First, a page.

22.9.2021 | Gottardo Pestalozzi | News WSL
All us nature lovers can tell if a tree is in poor health by the discoloration or loss of leaves. At this point, deterioration is already at an advanced stage, possibly showing irreversible damage. In a new study, researchers from the Swiss Federal Institute for Forest, Snow and Landscape Research WSL show how tree stress can be detected before it becomes visible to the eye, extracting information from spectral data collected using drones.
Detecting tree stress early is important for understanding the increasing effects of drought on forests as well as identifying tree species that can cope well with drought. Thus, researchers have long been searching for ways to measure tree response to environmental changes. Researchers rely on different techniques to measure tree stress responses. Analyzing tree rings for example can show a slowdown in tree growth over several years. Another way is to measure the decline in photosynthesis during a heat wave. These approaches are valuable but very time consuming because researchers must engage with each tree individually. Thus, only a few trees can be monitored in a forest.
A new study by the Swiss Federal Institute for Forest, Snow and Landscape Research (WSL) now shows that the stress level of every tree in a forest can be detected from the air using a multispectral camera. During a series of experiments, lead author Petra D'Odorico and fellow researchers conducted drone flights over pine trees in the Pfynwald Forest (Valais). She explains, "In simplified terms, we can say that the sunlight reflected from the tree crowns contains information on the physiology of the trees and thus on the current tree condition." Her experiments have shown that the reflected light reveals changes in photosynthetic pigments (chlorophyll and carotenoid). By analyzing these pigments changes, it is possible to deduce how much the tree is investing in photosynthesis, and therefore growth, or in other processes that become necessary when resource availability is unfavorably distributed.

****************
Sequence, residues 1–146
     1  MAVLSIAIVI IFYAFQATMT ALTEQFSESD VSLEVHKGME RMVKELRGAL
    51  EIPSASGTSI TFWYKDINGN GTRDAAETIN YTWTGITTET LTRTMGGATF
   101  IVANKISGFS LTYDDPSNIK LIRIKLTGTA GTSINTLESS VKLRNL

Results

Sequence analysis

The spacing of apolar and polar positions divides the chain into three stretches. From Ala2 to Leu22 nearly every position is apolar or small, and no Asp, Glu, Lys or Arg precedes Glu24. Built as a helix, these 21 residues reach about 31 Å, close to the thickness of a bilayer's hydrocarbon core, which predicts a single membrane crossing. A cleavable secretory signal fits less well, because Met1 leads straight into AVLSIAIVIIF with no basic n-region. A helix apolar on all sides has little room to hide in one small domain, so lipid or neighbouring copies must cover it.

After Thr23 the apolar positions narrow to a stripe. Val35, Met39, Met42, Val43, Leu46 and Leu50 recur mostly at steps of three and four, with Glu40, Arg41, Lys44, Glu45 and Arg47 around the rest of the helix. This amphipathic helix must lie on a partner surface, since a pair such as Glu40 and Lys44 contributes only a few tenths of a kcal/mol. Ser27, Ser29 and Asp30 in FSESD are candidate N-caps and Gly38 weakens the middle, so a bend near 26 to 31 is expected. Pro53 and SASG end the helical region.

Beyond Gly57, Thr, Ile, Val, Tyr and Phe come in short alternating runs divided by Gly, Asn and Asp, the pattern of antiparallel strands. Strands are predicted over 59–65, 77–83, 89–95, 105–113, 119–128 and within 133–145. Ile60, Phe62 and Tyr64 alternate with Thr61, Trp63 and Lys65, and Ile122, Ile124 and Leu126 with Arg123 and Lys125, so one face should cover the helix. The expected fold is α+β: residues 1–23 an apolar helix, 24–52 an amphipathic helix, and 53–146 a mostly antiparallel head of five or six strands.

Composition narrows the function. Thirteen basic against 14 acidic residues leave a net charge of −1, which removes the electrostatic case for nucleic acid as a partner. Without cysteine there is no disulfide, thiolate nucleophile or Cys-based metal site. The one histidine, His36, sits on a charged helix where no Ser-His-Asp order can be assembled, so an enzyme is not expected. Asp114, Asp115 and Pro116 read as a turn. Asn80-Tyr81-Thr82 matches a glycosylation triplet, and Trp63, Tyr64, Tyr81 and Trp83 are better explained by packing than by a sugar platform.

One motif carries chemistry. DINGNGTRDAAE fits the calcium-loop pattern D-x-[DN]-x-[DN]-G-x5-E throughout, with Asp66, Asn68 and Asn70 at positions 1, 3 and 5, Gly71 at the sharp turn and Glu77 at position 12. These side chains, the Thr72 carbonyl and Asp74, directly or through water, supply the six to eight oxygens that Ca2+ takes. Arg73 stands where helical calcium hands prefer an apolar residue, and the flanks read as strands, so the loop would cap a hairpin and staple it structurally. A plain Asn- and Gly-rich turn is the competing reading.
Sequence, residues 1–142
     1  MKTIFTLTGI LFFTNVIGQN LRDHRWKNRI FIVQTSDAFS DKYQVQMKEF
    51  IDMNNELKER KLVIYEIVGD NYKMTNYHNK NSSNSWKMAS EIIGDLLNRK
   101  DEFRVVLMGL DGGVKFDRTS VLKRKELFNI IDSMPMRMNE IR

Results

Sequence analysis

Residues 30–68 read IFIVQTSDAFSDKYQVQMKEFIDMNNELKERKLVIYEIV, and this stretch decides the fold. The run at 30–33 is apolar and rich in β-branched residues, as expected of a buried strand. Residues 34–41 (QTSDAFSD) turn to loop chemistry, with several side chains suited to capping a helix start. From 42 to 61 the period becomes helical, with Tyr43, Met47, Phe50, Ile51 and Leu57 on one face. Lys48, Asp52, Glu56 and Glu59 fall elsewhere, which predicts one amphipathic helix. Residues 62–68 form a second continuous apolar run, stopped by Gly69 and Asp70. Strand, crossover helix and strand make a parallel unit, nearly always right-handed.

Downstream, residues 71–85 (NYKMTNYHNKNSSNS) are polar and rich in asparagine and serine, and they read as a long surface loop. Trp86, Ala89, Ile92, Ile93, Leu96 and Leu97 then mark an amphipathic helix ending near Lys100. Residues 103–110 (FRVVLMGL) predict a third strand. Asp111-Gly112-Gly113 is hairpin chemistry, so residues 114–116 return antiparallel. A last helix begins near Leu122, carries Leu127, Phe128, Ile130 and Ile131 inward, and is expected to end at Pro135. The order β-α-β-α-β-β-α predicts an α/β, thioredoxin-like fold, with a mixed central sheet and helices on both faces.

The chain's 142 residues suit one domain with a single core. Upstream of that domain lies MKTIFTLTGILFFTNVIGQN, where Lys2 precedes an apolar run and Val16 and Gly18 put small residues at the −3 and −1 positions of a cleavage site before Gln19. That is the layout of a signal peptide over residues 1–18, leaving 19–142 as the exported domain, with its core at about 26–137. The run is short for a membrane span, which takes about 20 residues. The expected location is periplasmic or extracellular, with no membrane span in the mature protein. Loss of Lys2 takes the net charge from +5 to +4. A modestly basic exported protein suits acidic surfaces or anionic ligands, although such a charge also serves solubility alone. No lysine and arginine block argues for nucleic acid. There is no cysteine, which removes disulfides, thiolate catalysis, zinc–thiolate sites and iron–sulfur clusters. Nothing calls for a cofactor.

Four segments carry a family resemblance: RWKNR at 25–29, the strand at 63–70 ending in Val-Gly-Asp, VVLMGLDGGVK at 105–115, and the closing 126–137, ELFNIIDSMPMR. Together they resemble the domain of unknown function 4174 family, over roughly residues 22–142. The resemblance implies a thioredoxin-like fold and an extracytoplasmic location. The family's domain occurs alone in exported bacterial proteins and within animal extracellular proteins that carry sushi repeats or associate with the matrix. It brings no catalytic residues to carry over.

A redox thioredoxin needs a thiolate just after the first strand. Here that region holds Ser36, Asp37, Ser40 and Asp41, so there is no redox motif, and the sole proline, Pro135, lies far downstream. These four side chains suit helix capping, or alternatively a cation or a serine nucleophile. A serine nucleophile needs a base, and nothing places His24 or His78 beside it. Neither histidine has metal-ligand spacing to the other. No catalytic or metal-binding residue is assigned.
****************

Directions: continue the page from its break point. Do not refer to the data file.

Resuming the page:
Drought is expected to become the most common cause of tree mortality in the coming decades. Just when the least water is available, the light irradiation is often the strongest. As a result, the leaves or needles find themselves in an unbalanced condition: they absorb more energy than they need for photosynthesis, as stomata close to prevent desiccation. To dissipate the potentially detrimental excess energy, needles crank up the conversion of pigments. This activity can be observed by collecting multispectral imaging data, a technique that makes information invisible to the human eye detectable. “Through this method it is as if we can see the invisible stress building up in a tree”, D’Odorico explains, “we can tell if trees that still appear healthy are already suffering from drought stress”.
The drone measurements took place during the 2019 and 2020 growing seasons in the Pfynwald Forest, where WSL is conducting a unique long-term experiment. At this site in Valais, one of the driest inner-alpine valleys in Europe, pine trees (Pinus sylvestris) have been exposed to different irrigation treatments since 2003. In addition to detecting stress responses to drought, the new study also found that tree history and thus the environmental conditions of the past, influence the current tree response to stress.
Remote observations with drones allow many more trees to be measured in a short time than with classical physiological contact measurements from the ground. While to date this method cannot be used operationally for forest management, it will be indispensable in the future as a complement to other techniques to predict forest response to warmer and drier conditions.
The authors would like to take this opportunity to thank the Burgergemeinde Leuk, the local forestry service, and the company for electricity and hydropower FMV for their great collaboration over many years. This work was supported by the Swiss National Science Foundation (SNSF) through a Spark funding scheme for innovative research grant to Petra D'Odorico.